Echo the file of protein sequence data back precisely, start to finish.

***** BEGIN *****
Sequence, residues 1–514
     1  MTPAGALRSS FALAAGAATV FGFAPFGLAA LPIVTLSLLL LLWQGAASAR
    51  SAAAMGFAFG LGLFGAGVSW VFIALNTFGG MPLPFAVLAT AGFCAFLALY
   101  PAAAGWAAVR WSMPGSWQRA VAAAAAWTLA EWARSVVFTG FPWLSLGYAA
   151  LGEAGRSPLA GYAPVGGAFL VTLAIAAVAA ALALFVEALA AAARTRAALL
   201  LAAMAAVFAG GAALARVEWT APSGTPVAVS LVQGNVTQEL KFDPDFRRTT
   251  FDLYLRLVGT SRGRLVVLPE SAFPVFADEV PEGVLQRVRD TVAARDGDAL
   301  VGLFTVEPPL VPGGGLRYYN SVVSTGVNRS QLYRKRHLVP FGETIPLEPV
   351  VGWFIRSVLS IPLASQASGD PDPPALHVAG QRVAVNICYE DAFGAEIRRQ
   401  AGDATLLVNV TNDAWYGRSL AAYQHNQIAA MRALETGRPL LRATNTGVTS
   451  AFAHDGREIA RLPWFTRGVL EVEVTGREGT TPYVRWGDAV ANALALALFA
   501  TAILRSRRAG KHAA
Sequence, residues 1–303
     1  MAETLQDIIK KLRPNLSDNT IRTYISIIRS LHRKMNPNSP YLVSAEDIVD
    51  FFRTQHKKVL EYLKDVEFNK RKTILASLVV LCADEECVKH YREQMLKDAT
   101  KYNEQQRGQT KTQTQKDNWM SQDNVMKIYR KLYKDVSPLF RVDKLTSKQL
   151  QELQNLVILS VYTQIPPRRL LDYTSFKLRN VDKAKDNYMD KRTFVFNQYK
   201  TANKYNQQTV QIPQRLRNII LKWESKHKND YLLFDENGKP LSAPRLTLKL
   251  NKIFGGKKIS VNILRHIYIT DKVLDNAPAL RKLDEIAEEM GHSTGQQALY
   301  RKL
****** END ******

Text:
Sequence, residues 1–514
     1  MTPAGALRSS FALAAGAATV FGFAPFGLAA LPIVTLSLLL LLWQGAASAR
    51  SAAAMGFAFG LGLFGAGVSW VFIALNTFGG MPLPFAVLAT AGFCAFLALY
   101  PAAAGWAAVR WSMPGSWQRA VAAAAAWTLA EWARSVVFTG FPWLSLGYAA
   151  LGEAGRSPLA GYAPVGGAFL VTLAIAAVAA ALALFVEALA AAARTRAALL
   201  LAAMAAVFAG GAALARVEWT APSGTPVAVS LVQGNVTQEL KFDPDFRRTT
   251  FDLYLRLVGT SRGRLVVLPE SAFPVFADEV PEGVLQRVRD TVAARDGDAL
   301  VGLFTVEPPL VPGGGLRYYN SVVSTGVNRS QLYRKRHLVP FGETIPLEPV
   351  VGWFIRSVLS IPLASQASGD PDPPALHVAG QRVAVNICYE DAFGAEIRRQ
   401  AGDATLLVNV TNDAWYGRSL AAYQHNQIAA MRALETGRPL LRATNTGVTS
   451  AFAHDGREIA RLPWFTRGVL EVEVTGREGT TPYVRWGDAV ANALALALFA
   501  TAILRSRRAG KHAA
Sequence, residues 1–303
     1  MAETLQDIIK KLRPNLSDNT IRTYISIIRS LHRKMNPNSP YLVSAEDIVD
    51  FFRTQHKKVL EYLKDVEFNK RKTILASLVV LCADEECVKH YREQMLKDAT
   101  KYNEQQRGQT KTQTQKDNWM SQDNVMKIYR KLYKDVSPLF RVDKLTSKQL
   151  QELQNLVILS VYTQIPPRRL LDYTSFKLRN VDKAKDNYMD KRTFVFNQYK
   201  TANKYNQQTV QIPQRLRNII LKWESKHKND YLLFDENGKP LSAPRLTLKL
   251  NKIFGGKKIS VNILRHIYIT DKVLDNAPAL RKLDEIAEEM GHSTGQQALY
   301  RKL